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The seasonal, fare-free bus service on Mount Desert Island is suspending the start of its 2020 operations indefinitely because of COVID-19 concerns.
The bus service, operated by Downeast Transportation, typically carries hundreds of thousands of passengers each year who are a mix of tourists, local residents and seasonal workers to multiple locations in Acadia National Park and elsewhere on Mount Desert Island.
Officials with the service said Monday that, with guidelines in place to reduce the spread of the disease, the buses would only accommodate a maximum of 12 passengers. Under normal conditions, the buses can carry 43 — 30 seated and 13 more standing. The service usually starts up each year on June 23 on Mount Desert Island and Memorial Day weekend on the Schoodic Peninsula, and runs through Columbus Day.
Paul Murphy, executive director of Downeast Transportation, said that the safety of its drivers and passengers is “paramount.” Beyond that, there are too many unknowns about what demand might be like this summer for the service to develop plans for how it might operate. Assuming that travel restrictions will be the same next month as they are now, he added, it doesn’t make sense to incur the cost of getting the buses ready or to hire and train drivers.
“This is the most difficult decision I’ve had to make in my two decades with Downeast Transportation,” Murphy said. “We recognize that park visitors, residents and commuters love the bus system, so we do not take this action lightly.”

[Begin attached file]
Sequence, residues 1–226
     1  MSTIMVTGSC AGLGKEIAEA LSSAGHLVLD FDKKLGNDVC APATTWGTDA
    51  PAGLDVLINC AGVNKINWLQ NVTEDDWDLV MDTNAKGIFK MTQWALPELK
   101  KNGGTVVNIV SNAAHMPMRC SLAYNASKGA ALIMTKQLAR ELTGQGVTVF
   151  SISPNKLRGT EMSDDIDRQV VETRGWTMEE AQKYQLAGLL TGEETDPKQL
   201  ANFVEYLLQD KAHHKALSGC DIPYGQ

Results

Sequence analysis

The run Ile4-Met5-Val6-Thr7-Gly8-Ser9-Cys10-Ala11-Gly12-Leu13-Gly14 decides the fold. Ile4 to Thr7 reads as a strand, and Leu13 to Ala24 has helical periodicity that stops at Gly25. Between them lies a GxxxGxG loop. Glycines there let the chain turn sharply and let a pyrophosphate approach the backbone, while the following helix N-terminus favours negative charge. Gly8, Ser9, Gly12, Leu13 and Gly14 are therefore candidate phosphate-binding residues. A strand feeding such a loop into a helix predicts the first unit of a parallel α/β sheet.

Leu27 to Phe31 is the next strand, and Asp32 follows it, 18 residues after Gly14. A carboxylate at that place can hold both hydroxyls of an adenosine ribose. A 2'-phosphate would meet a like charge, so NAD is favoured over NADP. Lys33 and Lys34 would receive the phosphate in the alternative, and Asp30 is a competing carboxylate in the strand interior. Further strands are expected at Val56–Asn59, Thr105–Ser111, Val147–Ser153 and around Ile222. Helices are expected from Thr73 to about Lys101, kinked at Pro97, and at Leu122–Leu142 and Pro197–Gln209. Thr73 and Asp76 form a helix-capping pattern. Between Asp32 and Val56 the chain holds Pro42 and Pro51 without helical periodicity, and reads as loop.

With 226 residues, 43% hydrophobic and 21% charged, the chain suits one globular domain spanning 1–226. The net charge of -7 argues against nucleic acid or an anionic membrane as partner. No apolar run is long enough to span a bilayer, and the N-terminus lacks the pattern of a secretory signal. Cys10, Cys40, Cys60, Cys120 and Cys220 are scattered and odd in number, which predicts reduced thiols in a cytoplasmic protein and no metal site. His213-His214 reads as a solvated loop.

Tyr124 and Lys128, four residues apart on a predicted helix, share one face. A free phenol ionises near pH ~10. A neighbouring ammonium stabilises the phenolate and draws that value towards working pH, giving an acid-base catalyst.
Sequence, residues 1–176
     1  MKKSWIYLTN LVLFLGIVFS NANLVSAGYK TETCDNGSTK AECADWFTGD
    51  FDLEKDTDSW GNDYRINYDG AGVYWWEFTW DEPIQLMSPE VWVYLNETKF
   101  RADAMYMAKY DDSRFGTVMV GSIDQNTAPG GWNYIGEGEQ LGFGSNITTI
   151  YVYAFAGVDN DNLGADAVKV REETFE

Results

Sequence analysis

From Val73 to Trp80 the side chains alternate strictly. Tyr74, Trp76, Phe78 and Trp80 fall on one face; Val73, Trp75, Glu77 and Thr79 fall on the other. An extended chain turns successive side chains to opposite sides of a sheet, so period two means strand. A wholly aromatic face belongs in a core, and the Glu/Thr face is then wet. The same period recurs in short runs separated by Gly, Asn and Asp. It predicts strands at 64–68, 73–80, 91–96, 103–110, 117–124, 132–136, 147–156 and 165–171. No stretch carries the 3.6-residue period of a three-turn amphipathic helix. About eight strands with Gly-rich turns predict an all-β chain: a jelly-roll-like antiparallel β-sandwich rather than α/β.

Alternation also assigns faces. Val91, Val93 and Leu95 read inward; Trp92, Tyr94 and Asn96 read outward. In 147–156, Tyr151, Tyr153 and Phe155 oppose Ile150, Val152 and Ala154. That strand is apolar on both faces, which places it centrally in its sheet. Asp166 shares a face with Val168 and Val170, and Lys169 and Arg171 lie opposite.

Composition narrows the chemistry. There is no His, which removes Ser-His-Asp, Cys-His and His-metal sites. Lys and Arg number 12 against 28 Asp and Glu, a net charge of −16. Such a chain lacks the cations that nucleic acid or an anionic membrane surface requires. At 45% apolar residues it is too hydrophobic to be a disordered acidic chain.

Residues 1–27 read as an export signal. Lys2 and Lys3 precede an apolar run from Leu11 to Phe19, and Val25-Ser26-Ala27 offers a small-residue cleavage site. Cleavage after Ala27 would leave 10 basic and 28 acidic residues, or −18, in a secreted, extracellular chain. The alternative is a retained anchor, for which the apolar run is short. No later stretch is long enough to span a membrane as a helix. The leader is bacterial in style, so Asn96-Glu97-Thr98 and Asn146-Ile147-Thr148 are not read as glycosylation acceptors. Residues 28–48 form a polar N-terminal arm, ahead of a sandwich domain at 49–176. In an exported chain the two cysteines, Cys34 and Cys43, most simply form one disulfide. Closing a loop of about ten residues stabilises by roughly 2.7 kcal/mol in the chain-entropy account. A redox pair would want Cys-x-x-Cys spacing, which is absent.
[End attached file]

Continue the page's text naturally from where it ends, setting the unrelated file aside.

Murphy said that the bus service typically hires about 120 drivers, many of whom come from out of state and who would have to quarantine in Maine for 2 weeks before starting training in early June. Plus, limiting the number of passengers per bus to 12 could be impractical if demand is high, and, if it is low, could make the per-passenger cost of operating the fare-free system “astronomical,” he added.
If, as tourism industry experts have predicted, the number of tourists who show up at Acadia and elsewhere in Maine this summer is abnormally low, it would undermine revenue the bus system gets from visitor revenue fees at Acadia, which could put its expenses under further stress, he said.
“Who knows what visitation will be like,” Murphy said. Even if local tourism businesses do reopen this summer, Murphy thinks restrictions on how transit systems operate will remain in place until a vaccine or antiviral medication for COVID-19 is widely available, which might not be for several more months.
Kevin Schneider, the superintendent of Acadia, said Monday that postponing the seasonal start of the bus service is the “most prudent” action to take, given current restrictions and expectations for how the pandemic will continue. The park at the moment is effectively closed, with all operations except for resource protection being put on hiatus.
Alf Anderson, director of the Bar Harbor Chamber of Commerce, said the decision to indefinitely delay the start of the bus service is a “huge blow” to the local tourism industry, though he understands the reasoning behind it. Many local businesses have customers who rely on the bus system to get around Acadia or MDI, or have employees who rely on the bus system to get to and from work, he said.
“It definitely will have an impact,” Anderson said.
The Island Explorer bus system was founded in 1999 and has been credited with reducing seasonal congestion on MDI, where millions of tourists flock each summer to visit Acadia National Park, Bar Harbor, and surrounding towns. Over the past 21 years, the bus system has carried more than 8 million passengers and is estimated to have reduced private automobile traffic on the island by roughly 3 million vehicles, officials have said.
Because the buses run on propane, which burns more cleanly than other fuels, the system also is estimated to have resulted in 41 fewer tons of smog-causing pollutants and 27,000 fewer tons of greenhouse gases from being produced in the MDI region.
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